Type of Government
The Qing Dynasty was an empire led by the Manchu ethnic group, which ruled China from AD 1644 to AD 1911. The Qing government was an absolute imperial monarchy with authority vested in an emperor who served as head of state, head of government, and leader of the armed forces. The emperor supervised a system of six executive ministries and twenty-four military divisions. Members of the imperial family often served as high-ranking governmental or military leaders. The judicial branch was organized around a system of imperial courts with jurisdiction over all civil and criminal cases.
The term “Manchuria” refers to a portion of northeastern China—located between Russia and Mongolia—which, in the early twenty-first century, was organized into the Chinese provinces of Heilongjiang, Jilin, and Liaoning. Between the first and the twelfth centuries AD, a number of ethnic tribes in Manchuria, including the Tungus, Jurchen, and Khitan, formed transient nations and kingdoms that competed for control of the territory. Frequent conflict and conquest between the Chinese empire and the northeastern tribes played a significant role in shaping the borders of China throughout the imperial age.
Between AD 1110 and 1115, Chief Wanyan Aguda (1068–1123) led a series of military and diplomatic campaigns to unite the Jurchen tribes in Manchuria. Aguda’s empire, later called the Jin Dynasty (1115–1234), allied with the Sung Dynasty in China to defeat their common enemies, the Manchurian Khitans. The following year, the Jin turned against the Sung and captured the capital of Kaifeng, driving the Sung to the city of Hangzhou. The conflict between the Sung and the Jin continued intermittently for more than a century until the Mongolian armies of Genghis Khan (c. 1162–1227) conquered both the Sung and the Jin to establish the Yüan dynasty in AD 1279.
During the Yüan Dynasty (1279–1368) and the subsequent Ming Dynasty (1368–1644), the Jurchen remained in Manchuria, fractured into tribal states. In 1616 Jurchen tribal leader Nurhachi (1559–1626) united the tribes into a confederation that historians now call the Late Jin Dynasty.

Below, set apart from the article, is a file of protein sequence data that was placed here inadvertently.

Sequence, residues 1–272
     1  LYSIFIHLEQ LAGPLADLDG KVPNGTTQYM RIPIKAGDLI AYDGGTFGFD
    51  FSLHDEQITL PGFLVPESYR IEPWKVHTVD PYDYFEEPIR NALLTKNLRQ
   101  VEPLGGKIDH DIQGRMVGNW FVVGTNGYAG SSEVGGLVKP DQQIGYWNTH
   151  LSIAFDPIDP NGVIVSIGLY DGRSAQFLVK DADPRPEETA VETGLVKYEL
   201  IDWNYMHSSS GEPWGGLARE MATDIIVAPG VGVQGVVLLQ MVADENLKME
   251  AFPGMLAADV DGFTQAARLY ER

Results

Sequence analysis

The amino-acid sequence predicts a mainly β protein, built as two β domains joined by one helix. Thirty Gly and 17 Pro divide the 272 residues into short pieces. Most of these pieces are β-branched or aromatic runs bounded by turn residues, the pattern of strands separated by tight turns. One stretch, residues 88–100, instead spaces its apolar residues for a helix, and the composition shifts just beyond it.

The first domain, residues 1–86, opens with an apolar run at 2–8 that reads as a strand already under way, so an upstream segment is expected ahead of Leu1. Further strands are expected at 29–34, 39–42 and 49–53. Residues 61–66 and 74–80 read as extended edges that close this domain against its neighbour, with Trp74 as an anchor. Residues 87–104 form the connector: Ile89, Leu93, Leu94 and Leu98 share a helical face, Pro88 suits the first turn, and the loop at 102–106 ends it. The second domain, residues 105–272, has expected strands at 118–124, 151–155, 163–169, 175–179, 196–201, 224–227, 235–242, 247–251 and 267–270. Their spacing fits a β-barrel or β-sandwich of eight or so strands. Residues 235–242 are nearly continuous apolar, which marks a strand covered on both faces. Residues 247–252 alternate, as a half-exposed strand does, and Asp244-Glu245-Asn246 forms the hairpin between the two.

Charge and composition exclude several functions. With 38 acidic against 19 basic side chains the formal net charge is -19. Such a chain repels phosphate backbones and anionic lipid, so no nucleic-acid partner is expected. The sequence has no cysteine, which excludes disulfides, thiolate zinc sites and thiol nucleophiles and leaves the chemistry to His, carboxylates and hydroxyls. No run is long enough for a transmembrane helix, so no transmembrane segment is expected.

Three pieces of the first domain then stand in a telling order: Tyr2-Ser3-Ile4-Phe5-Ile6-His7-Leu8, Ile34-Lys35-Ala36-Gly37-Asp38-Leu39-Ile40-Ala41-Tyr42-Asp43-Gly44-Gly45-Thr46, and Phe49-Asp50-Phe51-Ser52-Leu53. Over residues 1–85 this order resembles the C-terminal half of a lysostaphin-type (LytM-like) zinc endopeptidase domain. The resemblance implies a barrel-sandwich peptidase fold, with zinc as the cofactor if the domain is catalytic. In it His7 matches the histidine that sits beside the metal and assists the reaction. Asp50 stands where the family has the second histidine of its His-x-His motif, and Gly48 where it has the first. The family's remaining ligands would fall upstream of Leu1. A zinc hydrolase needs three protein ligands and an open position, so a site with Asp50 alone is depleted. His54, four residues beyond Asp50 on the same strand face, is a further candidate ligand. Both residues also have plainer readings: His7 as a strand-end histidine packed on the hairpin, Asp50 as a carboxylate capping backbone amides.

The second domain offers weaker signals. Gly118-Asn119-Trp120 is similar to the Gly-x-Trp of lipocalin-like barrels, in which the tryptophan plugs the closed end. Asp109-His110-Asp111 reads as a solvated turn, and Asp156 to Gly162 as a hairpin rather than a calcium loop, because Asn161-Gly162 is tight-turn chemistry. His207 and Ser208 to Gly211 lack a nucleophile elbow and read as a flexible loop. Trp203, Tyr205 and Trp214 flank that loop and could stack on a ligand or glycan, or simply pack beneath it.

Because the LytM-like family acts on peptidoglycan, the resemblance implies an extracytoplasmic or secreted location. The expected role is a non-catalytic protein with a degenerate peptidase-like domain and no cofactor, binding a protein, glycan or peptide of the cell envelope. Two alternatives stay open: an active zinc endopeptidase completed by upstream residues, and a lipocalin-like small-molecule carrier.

Though the Jurchen were initially allied with the Chinese, Nurhachi’s descendent, Emperor Abahai (1592–1643), instigated separatist policies that included severing diplomatic ties with China. Abahai adopted the name “Manchus” for the tribe and the name qing (pure) as the new dynastic title. As the Qing grew in strength, the Chinese Ming Dynasty was beginning to weaken as rebel factions developed across the nation. In 1644 the Qing armies took advantage of China’s political instability and invaded Beijing. Within two years, the Qing destroyed the remnants of the Ming government and took control of the nation under an imperial regime.
The emperor of the Qing Dynasty and his family were the sole source of authority in the government, assisted by a complex system of administrators that served to disseminate imperial policy to the populace. The emperor had the power to institute law by decree, appoint or remove civil servants, declare war, and negotiate treaties and agreements with foreign governments. Brothers and sons of the emperor, designated “princes,” were appointed to high-ranking government and military posts. Toward the end of his reign, the emperor had the power to choose a prince to serve as his successor.
The most powerful organ in the central government was the Grand Secretariat, an administrative cabinet divided into six ministries. The emperor appointed two presidents and four vice presidents to supervise the Secretariat. The central government also contained the Court of Colonial Affairs, which was in charge of supervising the empire’s vassal territories and instituting policies governing the nation’s ethnic minorities.